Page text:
The Lost Ones skipped the review queue when it landed in my mailbox in late July. With a release date set a few months away in October, I couldn’t resist taking a peak at this book. Before long, one page turned into two, then a chapter, and eventually the whole book. For me, The Lost Ones is exactly why I love to read, this book was exhilarating. I am just so pleased I have found a new author to watch thanks to this reading experience.
Set in 1917, one of my favourite historical time periods, Anita Frank does an absolutely superb job of setting her scene. The language is rich and clearly situated in the time period. We get a very good feel for the impact of war, especially on the home front. Frank zones in on those left behind to pick up the pieces, the senseless loss of life, and the dedication of those who signed up to fight for their country. Frank also looks at the balance between women gaining their voices and testing the waters of their new found freedom, in contrast to the opposite end of the spectrum. In Stella, a woman clearly severely heartbroken and unable to cope with her grief, we see a woman who is incorrectly labelled as insane and full of hysteria. Frank extends this impression of women as anxious, full of paranoia and hysteria when Stella’s pregnant sister (also suffering the loss of an unborn child) and maid Annie begin to see things out of the ordinary. Unable to assign a logical explanation to these sightings, it is easier to label these women as delusional, rather than take their claims seriously.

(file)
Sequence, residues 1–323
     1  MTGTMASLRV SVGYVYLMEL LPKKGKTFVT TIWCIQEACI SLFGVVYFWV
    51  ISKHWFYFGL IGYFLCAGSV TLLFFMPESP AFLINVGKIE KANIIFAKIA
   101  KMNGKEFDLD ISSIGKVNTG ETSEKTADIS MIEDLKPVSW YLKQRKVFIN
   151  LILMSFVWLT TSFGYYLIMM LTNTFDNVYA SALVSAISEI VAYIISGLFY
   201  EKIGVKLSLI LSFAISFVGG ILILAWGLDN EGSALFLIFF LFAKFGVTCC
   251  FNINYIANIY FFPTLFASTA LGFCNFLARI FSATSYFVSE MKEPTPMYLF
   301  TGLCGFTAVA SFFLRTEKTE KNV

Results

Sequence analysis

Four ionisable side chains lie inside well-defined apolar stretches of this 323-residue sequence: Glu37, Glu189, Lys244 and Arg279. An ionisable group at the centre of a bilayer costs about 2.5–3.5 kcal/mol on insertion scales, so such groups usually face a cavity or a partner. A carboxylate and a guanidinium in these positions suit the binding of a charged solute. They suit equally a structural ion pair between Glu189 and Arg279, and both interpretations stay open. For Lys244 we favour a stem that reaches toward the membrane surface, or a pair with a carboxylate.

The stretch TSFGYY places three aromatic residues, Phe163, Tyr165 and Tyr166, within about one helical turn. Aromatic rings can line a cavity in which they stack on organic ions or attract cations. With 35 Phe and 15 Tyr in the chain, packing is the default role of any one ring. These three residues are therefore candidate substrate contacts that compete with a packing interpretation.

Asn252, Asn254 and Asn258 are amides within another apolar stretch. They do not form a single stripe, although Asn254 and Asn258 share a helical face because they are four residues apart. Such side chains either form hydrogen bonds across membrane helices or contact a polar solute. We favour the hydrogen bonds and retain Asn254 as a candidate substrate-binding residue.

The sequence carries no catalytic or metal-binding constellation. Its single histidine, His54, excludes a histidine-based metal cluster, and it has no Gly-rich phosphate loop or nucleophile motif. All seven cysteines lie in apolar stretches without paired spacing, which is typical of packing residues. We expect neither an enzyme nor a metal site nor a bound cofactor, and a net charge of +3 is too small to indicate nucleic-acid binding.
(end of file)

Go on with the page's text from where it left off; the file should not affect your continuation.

The Lost Ones has been compared to the popular classic ghost story The Woman in White by Wilkie Collins, and a recent book from this genre, Laura Purcell’s The Silent Companions, which are both supernatural themed stories. I am always a little sceptical of the supernatural and the unexplained. I am quite logical and fearful of what believing in these forces might mean. However, in the context of The Lost Ones, this side narrative thread perfectly complimented the story at hand. The ghostly appearances were portrayed well on the page and served a strong purpose, leading the mystery element of the novel.